A little bit of art every day is good for the soul. This month I’m making a point of trying to do something artistic daily, as part of Art Every Day Month.
Because of this, I’ve let myself get into a little project, just for giggles. Drawing is a fun thing, and the idea for this just tickled me. I probably shouldn’t work on it, as I’m in the office and thus should be doing office-y things. Whatever.
Here’s a preview. Can you guess what the final product will be?
I’m also still working on my NaNoWriMo novel. It feels a little weak right now, but whatever. It’s a first draft. All first drafts are crap. Here’s an excerpt:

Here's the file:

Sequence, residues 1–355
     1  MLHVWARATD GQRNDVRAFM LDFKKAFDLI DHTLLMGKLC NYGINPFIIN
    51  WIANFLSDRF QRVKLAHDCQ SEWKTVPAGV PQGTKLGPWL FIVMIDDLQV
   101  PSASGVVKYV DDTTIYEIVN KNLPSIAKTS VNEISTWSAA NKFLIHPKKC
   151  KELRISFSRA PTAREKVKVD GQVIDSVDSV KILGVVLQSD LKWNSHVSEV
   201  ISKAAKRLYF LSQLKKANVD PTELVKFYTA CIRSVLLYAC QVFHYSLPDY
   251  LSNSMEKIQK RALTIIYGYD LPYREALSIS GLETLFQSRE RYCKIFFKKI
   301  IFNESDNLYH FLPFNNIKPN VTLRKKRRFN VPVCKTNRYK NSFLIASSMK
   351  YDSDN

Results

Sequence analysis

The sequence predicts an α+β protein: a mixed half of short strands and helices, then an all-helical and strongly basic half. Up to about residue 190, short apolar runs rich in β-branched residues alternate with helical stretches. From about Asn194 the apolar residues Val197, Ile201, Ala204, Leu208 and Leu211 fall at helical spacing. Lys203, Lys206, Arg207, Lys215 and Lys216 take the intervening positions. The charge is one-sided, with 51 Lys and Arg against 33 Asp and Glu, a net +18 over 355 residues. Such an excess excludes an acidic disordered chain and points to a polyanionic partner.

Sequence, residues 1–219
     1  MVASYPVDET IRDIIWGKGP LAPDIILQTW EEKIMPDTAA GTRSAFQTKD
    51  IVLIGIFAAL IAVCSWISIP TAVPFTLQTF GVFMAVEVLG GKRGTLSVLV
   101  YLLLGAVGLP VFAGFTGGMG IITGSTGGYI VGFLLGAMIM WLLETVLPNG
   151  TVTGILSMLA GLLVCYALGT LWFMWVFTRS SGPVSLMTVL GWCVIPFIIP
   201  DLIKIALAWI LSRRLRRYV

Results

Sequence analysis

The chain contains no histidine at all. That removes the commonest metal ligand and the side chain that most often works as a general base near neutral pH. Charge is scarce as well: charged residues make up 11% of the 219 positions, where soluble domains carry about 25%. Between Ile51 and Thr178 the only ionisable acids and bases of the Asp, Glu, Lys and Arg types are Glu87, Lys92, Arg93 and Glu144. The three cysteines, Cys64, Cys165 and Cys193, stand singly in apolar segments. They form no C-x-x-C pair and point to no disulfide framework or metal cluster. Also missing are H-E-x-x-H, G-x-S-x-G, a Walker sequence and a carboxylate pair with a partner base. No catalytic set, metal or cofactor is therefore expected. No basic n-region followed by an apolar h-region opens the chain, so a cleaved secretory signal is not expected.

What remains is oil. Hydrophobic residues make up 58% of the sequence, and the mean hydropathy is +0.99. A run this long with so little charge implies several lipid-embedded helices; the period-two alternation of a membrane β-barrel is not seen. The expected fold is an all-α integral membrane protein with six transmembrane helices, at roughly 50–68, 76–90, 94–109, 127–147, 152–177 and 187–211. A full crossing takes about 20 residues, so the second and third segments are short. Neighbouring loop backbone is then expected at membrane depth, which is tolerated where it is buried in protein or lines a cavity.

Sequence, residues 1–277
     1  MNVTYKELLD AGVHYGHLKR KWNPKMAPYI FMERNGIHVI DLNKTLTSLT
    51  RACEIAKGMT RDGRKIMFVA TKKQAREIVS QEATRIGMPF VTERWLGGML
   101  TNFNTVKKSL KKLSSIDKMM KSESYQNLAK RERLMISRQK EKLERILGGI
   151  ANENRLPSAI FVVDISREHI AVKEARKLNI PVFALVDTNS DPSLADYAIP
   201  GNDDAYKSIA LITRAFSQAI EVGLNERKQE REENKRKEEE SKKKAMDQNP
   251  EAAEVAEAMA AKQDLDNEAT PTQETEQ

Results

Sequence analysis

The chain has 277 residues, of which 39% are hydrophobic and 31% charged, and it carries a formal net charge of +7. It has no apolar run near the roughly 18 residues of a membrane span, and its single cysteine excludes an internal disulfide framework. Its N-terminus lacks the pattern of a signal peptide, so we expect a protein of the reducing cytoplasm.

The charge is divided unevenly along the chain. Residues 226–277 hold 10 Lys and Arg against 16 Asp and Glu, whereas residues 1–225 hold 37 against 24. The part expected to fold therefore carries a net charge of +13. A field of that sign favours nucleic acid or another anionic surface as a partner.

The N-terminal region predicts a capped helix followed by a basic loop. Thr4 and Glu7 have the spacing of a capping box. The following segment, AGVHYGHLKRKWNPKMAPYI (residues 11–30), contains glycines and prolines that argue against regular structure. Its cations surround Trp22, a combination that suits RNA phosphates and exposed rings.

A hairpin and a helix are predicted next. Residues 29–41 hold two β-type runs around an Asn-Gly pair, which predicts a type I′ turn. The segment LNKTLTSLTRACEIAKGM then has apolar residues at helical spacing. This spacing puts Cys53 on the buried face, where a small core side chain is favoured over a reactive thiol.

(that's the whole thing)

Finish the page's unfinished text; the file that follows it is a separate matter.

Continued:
“Tell us more, Jerome,” said Henry. “What was the court like in Aidengarde?” “There are a lot of beautiful people. And lots of fat people. Plenty of lazy people. And many who’ve never worked a day in their lives,” muttered Jerome. “I imagine their clothes of silk and velvet,” said Henry spinning, “in all the brightest colors.” “You saw what Lord Armand and Lady Penelope word, Henry,” grumbled Martin. “Their clothes were dull and ordinary.” “But they had no holes, Martin,” said Henry. “And they were finer weaves than what we wear. Besides, they’d been riding for a while. No doubt their richest clothes were safely hidden.” “And there it is,” said Damien. Martin whistled as Herongarde Castle came into view. The troupe paused to gawk at the splendor that was the home of Herongarde’s royal family. A wall stood nearly 50 feet high, extending across the large open field before the gatehouse. Henry gaped at the wall, trying to fathom all that was within. He had been told that the wall enclosed nearly 60 acres of land, in which stood the castle’s keep and a small village of about 100 that provided support for the court. There was open land, a few fields, tournament grounds — so many things! The walls were decorated with large hanging banners featuring the colors and symbols of Herongarde: the brilliant blue and gold, with herons standing at the ready with swords gripped in their claws. Blue and yellow flags lined the top of the wall where men in armor paced at the guard.